And I think if you, as an employer, are much more excited about your employer brand and market yourself more, there’s a lot of really cool things that can happen. I’m struggling to think of some good examples here. But I know there’s a bunch of kind of things that went viral in the last few years of companies making job postings or people doing that. There’s just a lot of people who are kind of taking outside the box approaches and employers as well. I remember Mercedes-Benz made a game. If you could solve this game, then you can have an interview with us. Things like this.

Ilya Brotzky:

But yeah, I think so coming back to original point, YouTube, making videos of what it’s like to work at your company, employee success cases. I think that’s kind of basic stuff that you should do that. Maybe more kind of fun, cool videos. I saw scavenger hunts and happy hours, and just kind of all these extra out of work things. I think those are also really important. So yeah, I would say YouTube is kind of a really good channel.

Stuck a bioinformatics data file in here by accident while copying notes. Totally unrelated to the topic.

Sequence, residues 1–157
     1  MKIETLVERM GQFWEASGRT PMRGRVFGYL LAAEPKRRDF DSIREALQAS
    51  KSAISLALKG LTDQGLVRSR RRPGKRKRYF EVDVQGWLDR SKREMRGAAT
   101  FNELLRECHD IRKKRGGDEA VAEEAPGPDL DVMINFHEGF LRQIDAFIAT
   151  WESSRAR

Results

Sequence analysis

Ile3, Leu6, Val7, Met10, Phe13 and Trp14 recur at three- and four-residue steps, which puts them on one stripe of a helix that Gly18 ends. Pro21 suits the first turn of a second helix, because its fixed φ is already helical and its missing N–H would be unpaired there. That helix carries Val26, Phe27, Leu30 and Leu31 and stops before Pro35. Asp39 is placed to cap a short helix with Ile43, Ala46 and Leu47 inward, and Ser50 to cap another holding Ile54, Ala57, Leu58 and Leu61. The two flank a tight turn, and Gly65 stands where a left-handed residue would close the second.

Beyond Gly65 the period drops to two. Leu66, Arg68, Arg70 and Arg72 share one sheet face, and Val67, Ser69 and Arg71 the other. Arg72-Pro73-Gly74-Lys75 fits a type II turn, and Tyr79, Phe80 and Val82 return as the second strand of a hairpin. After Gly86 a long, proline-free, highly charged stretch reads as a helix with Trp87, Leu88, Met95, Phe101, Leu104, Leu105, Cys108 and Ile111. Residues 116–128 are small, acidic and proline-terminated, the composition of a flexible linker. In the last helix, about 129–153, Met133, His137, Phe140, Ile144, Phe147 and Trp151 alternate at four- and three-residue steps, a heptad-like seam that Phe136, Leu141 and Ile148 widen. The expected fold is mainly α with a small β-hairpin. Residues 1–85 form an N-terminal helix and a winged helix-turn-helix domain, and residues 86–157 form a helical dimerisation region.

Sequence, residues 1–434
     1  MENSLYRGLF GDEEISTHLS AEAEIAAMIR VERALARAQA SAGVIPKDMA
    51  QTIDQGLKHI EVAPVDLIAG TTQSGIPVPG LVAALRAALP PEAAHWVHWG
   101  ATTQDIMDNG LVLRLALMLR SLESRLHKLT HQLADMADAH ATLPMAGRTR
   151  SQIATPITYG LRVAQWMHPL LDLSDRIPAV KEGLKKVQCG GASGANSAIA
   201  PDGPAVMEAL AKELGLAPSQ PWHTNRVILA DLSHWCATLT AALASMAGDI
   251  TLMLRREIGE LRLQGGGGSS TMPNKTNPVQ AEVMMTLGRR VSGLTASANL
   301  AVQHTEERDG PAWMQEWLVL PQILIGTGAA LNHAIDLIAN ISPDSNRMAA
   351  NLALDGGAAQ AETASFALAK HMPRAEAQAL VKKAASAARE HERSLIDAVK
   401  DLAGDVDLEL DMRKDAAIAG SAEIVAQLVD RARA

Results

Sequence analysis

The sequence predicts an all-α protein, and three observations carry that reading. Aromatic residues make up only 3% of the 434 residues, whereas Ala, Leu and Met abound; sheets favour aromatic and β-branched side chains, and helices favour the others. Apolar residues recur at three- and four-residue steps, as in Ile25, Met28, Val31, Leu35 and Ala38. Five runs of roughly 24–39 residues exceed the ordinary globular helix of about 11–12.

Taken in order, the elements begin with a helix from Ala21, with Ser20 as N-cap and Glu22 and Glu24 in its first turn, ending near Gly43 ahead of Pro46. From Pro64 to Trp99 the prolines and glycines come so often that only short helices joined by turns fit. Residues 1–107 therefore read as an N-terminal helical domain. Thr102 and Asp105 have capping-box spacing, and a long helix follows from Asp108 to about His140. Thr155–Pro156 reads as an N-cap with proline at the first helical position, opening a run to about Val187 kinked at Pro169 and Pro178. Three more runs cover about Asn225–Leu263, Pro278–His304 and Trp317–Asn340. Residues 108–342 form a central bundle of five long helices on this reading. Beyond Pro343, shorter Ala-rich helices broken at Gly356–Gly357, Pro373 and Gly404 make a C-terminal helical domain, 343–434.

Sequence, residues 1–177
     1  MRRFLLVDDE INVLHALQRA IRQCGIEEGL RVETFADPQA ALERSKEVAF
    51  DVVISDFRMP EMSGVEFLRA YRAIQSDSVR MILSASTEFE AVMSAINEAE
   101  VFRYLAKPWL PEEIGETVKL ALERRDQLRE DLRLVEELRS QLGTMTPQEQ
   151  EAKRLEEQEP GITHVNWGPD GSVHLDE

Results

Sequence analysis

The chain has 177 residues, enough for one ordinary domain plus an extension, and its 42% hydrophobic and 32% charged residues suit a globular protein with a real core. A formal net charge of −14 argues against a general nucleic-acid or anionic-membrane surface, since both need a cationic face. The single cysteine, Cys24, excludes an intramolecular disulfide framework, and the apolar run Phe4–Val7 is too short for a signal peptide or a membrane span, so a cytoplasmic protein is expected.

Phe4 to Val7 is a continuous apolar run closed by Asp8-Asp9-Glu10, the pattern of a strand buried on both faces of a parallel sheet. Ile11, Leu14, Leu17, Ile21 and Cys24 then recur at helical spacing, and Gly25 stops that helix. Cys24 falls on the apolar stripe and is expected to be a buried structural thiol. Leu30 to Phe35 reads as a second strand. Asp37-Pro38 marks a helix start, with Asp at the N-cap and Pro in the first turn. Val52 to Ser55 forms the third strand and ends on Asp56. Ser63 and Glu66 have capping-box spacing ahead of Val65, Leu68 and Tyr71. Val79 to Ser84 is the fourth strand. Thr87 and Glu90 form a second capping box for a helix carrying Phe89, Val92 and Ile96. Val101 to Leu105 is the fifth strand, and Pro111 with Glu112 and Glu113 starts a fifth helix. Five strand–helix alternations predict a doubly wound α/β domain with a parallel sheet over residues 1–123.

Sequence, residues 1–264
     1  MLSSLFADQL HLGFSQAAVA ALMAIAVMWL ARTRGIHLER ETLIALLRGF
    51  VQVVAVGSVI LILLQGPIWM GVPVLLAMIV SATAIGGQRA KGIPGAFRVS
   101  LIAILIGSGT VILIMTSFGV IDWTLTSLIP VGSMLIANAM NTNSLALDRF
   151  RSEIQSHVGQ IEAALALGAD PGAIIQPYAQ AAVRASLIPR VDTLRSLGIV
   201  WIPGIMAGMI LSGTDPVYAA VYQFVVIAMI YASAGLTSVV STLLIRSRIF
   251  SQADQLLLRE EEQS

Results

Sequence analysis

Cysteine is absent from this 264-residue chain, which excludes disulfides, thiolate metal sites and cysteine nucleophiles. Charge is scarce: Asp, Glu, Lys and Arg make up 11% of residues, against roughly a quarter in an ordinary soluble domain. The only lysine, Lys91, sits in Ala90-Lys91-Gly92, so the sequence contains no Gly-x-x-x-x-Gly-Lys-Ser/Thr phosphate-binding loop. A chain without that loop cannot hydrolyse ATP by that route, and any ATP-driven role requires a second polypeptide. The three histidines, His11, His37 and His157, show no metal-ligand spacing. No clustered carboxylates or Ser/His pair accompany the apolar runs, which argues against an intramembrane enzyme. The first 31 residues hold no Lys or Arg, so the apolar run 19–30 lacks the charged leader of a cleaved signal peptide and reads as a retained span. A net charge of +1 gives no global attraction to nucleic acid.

Ilya Brotzky:

But with us as well, we have more of a, hey, you’re a developer, you want to work from anywhere, you want to relocate work remotely, come join VanHack. We have jobs for you. And also a lot of content. So maybe look at your candidates as potential students that you want to educate, and then have them learn more about you. I think, yeah, the Netflix Culture Deck, as well, that comes to mind as something really, really powerful. So I mean, I’m sure everyone here has seen in. But if you haven’t, do that. And also read No Rules Rules, amazing book, as well as That’ll Never Work by the other Netflix founder, Marc Randolph.

Ilya Brotzky: